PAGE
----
Sterling Slides on COVID-19 Restrictions Fears
The Sterling remains on the backfoot despite being a relatively quiet day in terms of economic data. The move (in large) was due to risk aversion amidst the speculation that the UK would also have to impose restrictions to curb infections. This was further compounded by some of the harsher measures that are being taken in Europe but pose the stark reality that the impact of the pandemic is likely to be felt by the economy for some time moving forward.
Looking ahead to the day, the latest UK business confidence data will be watched closely with expectations that the Purchasing Managers’ Index (PMI) readings could recede. In November, the manufacturing and services PMIs will provide timely readings on economic trends. In the UK, last month’s readings saw unexpected improvements. The services measure posted a particularly big rise with the removal of some restrictions on international travel highlighted as one reason for the bounce. However, as these are based on month-on-month (MoM) readings, it is expected that these will weaken. The Bank of England (BoE) will be monitoring employment, costs, and pricing indices closely within the data.
US Dollar Remains Supported as Biden Nominates Powell for a Second Term
The US Dollar remained well supported against several major currencies yesterday following Joe Biden’s announcement to nominate the current Federal Reserve (Fed) Chair, Jerome Powell for a second term. Lael Brainard was considered as the alternative for the main role but was selected as the vice-chair, replacing Richard Clarida. The announcement to re-elect Powell saw US equities fall and the 10-year US Treasury yields increased above 1.6%, while the dollar index remained supported above 96.50. Powell is expected to maintain a hawkish approach towards monetary policy heading into 2022 in response to rising inflation rates in the US.
Fed member Christopher Waller commented on Friday that the pace of the Fed’s tapering of its bond-buying programme may accelerate from $15 billion per month to $30 billion in December. This would pave the way for earlier US rate hikes in 2022. The US Dollar hit a new 1-year high against the Euro on Monday and continued to strengthen against the Australian Dollar.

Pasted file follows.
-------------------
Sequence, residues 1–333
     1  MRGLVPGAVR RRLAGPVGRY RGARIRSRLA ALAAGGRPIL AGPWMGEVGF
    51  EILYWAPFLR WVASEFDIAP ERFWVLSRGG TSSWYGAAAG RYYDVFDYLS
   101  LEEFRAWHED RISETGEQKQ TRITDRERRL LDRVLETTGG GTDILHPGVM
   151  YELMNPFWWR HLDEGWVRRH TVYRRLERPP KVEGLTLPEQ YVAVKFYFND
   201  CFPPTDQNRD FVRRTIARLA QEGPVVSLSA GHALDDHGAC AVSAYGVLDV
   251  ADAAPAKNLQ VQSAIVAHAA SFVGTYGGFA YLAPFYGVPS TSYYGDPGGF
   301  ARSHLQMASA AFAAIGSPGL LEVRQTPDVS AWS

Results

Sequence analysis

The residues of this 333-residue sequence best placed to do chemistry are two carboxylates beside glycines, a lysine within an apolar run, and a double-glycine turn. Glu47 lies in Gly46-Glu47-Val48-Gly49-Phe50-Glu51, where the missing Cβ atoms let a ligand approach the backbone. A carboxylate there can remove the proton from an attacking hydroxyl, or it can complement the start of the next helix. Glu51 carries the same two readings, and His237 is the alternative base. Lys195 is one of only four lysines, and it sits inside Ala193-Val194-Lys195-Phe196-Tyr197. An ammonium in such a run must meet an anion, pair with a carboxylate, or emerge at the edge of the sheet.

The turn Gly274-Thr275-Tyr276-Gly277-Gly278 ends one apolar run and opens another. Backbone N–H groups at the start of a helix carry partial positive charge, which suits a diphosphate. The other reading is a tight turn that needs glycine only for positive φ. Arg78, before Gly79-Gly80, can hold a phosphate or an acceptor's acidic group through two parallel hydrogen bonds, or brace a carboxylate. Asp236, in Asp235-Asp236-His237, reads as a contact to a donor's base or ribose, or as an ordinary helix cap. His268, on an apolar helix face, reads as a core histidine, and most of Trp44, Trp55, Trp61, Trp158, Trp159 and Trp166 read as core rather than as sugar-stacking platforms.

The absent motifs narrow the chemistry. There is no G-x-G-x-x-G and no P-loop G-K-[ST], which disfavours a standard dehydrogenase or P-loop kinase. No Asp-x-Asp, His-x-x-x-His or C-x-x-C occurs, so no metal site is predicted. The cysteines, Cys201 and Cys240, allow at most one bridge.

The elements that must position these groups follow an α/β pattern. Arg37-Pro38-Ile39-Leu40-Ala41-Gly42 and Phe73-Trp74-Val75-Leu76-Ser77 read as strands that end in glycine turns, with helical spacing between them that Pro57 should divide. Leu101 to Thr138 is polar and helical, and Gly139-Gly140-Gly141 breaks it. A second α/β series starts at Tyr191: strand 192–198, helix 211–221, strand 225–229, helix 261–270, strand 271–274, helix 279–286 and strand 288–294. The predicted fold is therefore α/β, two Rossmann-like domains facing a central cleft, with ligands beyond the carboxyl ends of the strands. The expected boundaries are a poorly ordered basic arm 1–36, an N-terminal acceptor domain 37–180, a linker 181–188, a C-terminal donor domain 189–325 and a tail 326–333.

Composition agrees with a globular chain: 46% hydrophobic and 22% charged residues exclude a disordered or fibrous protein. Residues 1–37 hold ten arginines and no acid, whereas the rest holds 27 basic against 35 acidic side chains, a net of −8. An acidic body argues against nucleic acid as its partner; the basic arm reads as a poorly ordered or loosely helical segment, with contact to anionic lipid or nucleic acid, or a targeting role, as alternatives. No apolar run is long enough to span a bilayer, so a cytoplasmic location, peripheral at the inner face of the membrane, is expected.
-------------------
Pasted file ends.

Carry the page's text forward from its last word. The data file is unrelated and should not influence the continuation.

Looking ahead to today, markets will review the preliminary Markit Manufacturing and Services PMI surveys for November from the US, UK, and EU.
Restrictions Continue to Impact the Single Currency
The Euro was weighed down by concerns surrounding COVID-19 developments with unease surrounding the latest imposition of restrictions and fears that further measures would need to be introduced over the next few weeks. In this environment, there are further concerns that the economic recovery would be compromised. Lockdowns are already taking place and the introduction into compulsory vaccination is being passed and discussed by regions. It is no surprise that as a by-product, Eurozone’s consumer confidence dipped to -6.8 in November from -4.8 previously and below market expectations of -5.5.
Inflation rhetoric could have provided the currency a lift had the COVID-19 backdrop not been present. The Deutsche Bundesbank stated that inflation is likely to be just below 6% for November and the economic recovery is likely to take a breather. European Central Bank (ECB)council member Kazaks stated that the Bank can look through transitory price pressures but would need to act if supply shocks put upward pressure on wages.
The market will watch the PMI manufacturing and services data today for signs of economic activity but will be mindful of the pending restriction and their impact on growth.
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